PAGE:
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I have books on my Kindle with content that would probably make them ask more questions. It is nothing illegal or even questionable in most countries, but it would lead them to ask questions I don't want asked. I have similar content on my smartphone.

Also, do they check normal pen and paper notebooks? Like do they flip through them and read them?

I'll be carrying them on and traveling on a tourist visa if that makes any difference.

Edit: I don't know if it makes a difference, but I'm flying into one airport in China then getting a connecting flight to another domestic airport.

  • I've only been in transit there twice, and they didn't check anything, just confiscated my power brick :( – Mark Mayo Supports Monica Jan 24 '15 at 6:34
  • @MarkMayo like a portable battery? – uncovery Jan 24 '15 at 11:57
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    @MarkMayo why did they take that? I'm going to bring one in my carry on. – ThatGuy77 Jan 24 '15 at 15:46
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    At Beijing airpoirt, after clearing customs, I had to press one out of 3 buttons to grade the customs officer (smiling, neutral, sad face icons). I guess after too many sad faces, they get a hardship posting in Iner- Mongolia :) For the record, the officer was polite and just as disinterested as in most Western countries that I visited. – TemplateRex Jan 24 '15 at 20:05
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No, they won't. Unless they have specific reasons (such as a tip-off) that you are trying to smuggle illegal materials (porn, propaganda etc for distribution in China), they will not care about this. They primarily focus is on security-relevant issues and items for which you need to pay duty.

I never in my life had anyone check documents, laptop, cellphone or laptop contents in a routine check, anywhere in the world.

Of course, if you make trouble at the border and they take you in, they might check everything they can.

  • 3
    Last sentence is a gold! :> – trejder Jan 24 '15 at 16:51
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    Never say never, you can watch Canadian border agents search through people's cell phones (they love photos), among other things (documents, papers), even have that tv show (to advertise, or scare people, or something). It's not entirely clear if that kind of searching happens routinely (looks more frequent at land borders, especially once they're out of a vehicle), or only at "secondary," but it appears to happen often. – Xen2050 Jan 26 '15 at 11:22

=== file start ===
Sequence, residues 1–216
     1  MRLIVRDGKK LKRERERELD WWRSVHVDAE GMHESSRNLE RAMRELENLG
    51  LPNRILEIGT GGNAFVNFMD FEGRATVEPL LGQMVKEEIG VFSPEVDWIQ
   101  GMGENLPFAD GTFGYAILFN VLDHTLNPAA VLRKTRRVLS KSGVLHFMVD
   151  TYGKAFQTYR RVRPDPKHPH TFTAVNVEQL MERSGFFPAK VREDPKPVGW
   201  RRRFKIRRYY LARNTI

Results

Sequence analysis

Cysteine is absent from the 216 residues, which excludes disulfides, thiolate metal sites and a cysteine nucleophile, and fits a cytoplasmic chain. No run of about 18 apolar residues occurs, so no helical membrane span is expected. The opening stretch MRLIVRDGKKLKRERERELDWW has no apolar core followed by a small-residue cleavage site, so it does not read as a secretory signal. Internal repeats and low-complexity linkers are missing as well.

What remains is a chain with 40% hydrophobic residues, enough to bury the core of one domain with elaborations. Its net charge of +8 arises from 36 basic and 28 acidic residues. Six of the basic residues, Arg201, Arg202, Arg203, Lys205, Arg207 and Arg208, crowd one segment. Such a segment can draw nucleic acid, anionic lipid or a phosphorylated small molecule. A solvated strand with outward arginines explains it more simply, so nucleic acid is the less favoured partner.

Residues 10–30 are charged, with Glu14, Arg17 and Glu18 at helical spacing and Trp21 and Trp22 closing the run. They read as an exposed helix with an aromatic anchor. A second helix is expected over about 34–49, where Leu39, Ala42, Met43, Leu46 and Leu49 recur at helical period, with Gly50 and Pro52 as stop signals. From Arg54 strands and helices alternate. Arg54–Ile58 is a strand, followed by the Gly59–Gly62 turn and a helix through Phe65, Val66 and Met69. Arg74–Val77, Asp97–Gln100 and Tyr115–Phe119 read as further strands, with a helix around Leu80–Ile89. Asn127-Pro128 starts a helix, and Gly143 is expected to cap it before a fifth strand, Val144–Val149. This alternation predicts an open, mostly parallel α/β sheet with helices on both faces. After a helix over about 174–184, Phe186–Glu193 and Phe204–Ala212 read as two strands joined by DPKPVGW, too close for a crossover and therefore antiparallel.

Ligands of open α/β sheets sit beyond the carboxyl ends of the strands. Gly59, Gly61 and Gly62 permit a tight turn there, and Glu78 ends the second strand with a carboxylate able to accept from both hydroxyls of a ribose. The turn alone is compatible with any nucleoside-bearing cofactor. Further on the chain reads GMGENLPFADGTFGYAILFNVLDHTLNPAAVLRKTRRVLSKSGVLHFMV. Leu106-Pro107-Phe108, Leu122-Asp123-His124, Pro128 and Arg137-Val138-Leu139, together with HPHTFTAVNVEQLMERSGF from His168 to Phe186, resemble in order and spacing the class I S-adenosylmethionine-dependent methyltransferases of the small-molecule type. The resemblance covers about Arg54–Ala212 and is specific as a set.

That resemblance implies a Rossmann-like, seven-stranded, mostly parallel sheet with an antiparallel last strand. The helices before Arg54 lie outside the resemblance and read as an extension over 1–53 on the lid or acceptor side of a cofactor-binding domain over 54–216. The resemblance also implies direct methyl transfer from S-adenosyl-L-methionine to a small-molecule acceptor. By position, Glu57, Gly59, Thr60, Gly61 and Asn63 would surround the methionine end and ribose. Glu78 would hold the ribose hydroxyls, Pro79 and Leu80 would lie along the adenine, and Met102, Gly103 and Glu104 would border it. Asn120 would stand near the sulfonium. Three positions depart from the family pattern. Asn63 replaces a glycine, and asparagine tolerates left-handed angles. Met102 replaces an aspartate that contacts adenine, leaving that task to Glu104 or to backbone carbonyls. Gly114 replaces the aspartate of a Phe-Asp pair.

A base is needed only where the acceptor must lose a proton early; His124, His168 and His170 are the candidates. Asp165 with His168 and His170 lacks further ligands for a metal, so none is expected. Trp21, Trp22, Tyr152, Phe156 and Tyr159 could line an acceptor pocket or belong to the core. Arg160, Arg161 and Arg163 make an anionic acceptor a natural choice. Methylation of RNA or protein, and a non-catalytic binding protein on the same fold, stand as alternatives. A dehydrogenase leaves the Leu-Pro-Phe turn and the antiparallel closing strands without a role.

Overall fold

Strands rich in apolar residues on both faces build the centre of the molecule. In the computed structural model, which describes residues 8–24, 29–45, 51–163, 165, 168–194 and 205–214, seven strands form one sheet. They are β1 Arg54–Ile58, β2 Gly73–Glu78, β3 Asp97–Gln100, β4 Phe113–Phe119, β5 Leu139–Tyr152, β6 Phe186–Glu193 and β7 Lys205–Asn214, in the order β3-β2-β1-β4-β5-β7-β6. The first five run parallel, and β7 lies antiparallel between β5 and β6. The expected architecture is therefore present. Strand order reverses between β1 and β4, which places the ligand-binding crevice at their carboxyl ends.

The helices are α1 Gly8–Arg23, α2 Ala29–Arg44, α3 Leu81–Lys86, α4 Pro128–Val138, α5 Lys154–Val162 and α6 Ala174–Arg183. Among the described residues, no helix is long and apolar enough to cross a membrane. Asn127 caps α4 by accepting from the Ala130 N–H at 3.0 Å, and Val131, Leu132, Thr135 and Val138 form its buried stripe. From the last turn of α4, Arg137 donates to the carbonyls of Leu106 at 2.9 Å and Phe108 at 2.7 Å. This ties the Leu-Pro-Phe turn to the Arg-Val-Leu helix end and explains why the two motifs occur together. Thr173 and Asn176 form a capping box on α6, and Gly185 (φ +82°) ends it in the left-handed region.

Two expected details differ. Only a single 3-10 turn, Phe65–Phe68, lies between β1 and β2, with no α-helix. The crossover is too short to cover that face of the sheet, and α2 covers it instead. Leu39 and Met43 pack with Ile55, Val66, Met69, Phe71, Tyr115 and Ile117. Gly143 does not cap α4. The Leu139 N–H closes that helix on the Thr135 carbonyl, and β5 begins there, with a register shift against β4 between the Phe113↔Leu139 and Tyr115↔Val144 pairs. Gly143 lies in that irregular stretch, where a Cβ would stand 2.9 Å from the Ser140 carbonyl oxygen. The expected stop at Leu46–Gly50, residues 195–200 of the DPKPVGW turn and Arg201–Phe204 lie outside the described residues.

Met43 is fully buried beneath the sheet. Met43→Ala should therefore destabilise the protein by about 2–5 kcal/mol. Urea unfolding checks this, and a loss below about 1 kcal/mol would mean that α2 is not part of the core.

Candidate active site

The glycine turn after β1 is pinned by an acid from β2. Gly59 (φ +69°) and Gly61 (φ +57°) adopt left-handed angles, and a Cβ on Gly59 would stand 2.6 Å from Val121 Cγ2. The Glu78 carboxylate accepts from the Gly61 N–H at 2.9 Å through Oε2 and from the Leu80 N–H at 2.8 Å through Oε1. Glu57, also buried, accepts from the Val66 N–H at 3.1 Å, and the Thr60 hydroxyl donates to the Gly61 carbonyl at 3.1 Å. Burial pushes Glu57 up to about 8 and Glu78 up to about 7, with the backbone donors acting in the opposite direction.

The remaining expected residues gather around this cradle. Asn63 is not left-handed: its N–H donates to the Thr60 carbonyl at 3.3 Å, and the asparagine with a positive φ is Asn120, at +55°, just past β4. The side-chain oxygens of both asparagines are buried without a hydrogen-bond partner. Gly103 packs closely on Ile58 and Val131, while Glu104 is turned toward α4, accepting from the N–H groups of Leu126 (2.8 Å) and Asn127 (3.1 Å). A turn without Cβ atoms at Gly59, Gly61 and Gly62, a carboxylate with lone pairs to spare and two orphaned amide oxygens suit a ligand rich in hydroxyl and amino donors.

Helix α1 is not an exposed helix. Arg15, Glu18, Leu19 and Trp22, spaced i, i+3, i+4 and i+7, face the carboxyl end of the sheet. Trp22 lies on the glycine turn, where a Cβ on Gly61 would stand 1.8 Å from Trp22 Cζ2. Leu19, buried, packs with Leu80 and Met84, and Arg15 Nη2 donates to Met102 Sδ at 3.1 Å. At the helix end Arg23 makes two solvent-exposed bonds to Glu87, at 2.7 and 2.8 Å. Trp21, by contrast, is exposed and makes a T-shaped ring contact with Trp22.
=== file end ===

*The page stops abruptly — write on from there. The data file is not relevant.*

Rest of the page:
• Well, the "never" related to the past, not the future :) – uncovery Feb 2 '15 at 5:27
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I crossed into China last year overland, it was a small border crossing and the border guards had a lot of time and took their time to look through things.

There were a bunch of people crossing with me and in no case did the guards look at the content/data of Laptops, tablets or e-readers.

What they did however is spending some time at looking at photos on pretty much every digital camera. I had crossed several other borders before and had placed a dummy memory card with just a few photos in my camera. With other cameras they spend several minutes at looking at photos. Not that they were really looking for something, they were just curious.

I didn't have any paper notebooks, but I didn't see them looking through any of those in other people's luggage.

Of course turning on a camera and looking at photos is much easier than starting up a laptop and asking for a password.